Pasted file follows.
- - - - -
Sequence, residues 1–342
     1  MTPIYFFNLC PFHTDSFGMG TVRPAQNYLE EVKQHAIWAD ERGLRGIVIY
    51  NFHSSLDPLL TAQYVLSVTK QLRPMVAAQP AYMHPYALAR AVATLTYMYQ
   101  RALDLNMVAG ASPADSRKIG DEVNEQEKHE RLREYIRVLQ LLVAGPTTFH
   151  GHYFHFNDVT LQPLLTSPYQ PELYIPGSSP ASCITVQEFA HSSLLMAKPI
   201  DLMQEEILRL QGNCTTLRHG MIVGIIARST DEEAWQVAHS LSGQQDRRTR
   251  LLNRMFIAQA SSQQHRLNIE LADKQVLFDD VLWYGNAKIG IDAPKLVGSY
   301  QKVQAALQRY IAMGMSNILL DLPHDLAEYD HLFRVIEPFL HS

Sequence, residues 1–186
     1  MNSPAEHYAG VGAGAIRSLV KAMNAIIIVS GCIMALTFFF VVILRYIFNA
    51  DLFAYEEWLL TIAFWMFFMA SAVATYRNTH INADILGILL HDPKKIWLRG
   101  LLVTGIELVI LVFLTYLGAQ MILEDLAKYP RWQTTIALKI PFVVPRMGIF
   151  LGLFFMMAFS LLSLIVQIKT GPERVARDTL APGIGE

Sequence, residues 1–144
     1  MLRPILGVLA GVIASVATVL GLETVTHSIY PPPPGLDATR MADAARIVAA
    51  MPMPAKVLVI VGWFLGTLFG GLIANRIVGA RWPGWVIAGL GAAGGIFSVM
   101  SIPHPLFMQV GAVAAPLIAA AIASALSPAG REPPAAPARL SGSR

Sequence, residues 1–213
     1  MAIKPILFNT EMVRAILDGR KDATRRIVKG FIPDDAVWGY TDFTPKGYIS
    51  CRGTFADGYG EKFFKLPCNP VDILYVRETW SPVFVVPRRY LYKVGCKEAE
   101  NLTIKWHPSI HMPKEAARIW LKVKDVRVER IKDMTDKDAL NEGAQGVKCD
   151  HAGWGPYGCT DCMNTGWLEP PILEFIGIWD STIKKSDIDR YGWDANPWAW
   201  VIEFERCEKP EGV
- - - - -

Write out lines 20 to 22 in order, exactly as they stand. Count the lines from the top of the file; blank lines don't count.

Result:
    51  CRGTFADGYG EKFFKLPCNP VDILYVRETW SPVFVVPRRY LYKVGCKEAE
   101  NLTIKWHPSI HMPKEAARIW LKVKDVRVER IKDMTDKDAL NEGAQGVKCD
   151  HAGWGPYGCT DCMNTGWLEP PILEFIGIWD STIKKSDIDR YGWDANPWAW